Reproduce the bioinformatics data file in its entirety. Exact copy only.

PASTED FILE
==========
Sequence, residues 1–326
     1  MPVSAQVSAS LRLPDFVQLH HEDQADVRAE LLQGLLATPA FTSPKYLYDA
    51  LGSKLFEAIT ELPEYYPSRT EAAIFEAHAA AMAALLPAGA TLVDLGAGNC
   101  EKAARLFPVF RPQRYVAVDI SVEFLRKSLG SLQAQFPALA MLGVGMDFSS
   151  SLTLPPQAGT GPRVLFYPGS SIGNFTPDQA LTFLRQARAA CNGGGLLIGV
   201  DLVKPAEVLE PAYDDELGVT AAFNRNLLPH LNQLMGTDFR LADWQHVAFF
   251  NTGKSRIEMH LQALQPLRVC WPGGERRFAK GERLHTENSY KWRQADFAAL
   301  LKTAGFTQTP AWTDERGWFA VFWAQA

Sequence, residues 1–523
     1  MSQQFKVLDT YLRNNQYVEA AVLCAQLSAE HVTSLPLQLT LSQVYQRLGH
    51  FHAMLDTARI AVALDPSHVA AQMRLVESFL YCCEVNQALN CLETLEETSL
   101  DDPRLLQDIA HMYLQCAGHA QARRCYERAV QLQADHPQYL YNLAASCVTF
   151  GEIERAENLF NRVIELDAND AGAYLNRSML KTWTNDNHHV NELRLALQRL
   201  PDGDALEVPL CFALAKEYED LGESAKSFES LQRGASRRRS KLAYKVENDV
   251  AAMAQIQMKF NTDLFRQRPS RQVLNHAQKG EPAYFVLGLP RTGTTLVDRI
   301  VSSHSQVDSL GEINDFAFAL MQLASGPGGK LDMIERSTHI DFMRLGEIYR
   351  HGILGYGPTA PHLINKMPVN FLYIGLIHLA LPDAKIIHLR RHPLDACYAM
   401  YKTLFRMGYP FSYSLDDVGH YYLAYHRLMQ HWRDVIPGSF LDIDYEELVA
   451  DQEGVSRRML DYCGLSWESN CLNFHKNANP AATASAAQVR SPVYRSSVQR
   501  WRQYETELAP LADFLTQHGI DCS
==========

Sequence, residues 1–326
     1  MPVSAQVSAS LRLPDFVQLH HEDQADVRAE LLQGLLATPA FTSPKYLYDA
    51  LGSKLFEAIT ELPEYYPSRT EAAIFEAHAA AMAALLPAGA TLVDLGAGNC
   101  EKAARLFPVF RPQRYVAVDI SVEFLRKSLG SLQAQFPALA MLGVGMDFSS
   151  SLTLPPQAGT GPRVLFYPGS SIGNFTPDQA LTFLRQARAA CNGGGLLIGV
   201  DLVKPAEVLE PAYDDELGVT AAFNRNLLPH LNQLMGTDFR LADWQHVAFF
   251  NTGKSRIEMH LQALQPLRVC WPGGERRFAK GERLHTENSY KWRQADFAAL
   301  LKTAGFTQTP AWTDERGWFA VFWAQA

Sequence, residues 1–523
     1  MSQQFKVLDT YLRNNQYVEA AVLCAQLSAE HVTSLPLQLT LSQVYQRLGH
    51  FHAMLDTARI AVALDPSHVA AQMRLVESFL YCCEVNQALN CLETLEETSL
   101  DDPRLLQDIA HMYLQCAGHA QARRCYERAV QLQADHPQYL YNLAASCVTF
   151  GEIERAENLF NRVIELDAND AGAYLNRSML KTWTNDNHHV NELRLALQRL
   201  PDGDALEVPL CFALAKEYED LGESAKSFES LQRGASRRRS KLAYKVENDV
   251  AAMAQIQMKF NTDLFRQRPS RQVLNHAQKG EPAYFVLGLP RTGTTLVDRI
   301  VSSHSQVDSL GEINDFAFAL MQLASGPGGK LDMIERSTHI DFMRLGEIYR
   351  HGILGYGPTA PHLINKMPVN FLYIGLIHLA LPDAKIIHLR RHPLDACYAM
   401  YKTLFRMGYP FSYSLDDVGH YYLAYHRLMQ HWRDVIPGSF LDIDYEELVA
   451  DQEGVSRRML DYCGLSWESN CLNFHKNANP AATASAAQVR SPVYRSSVQR
   501  WRQYETELAP LADFLTQHGI DCS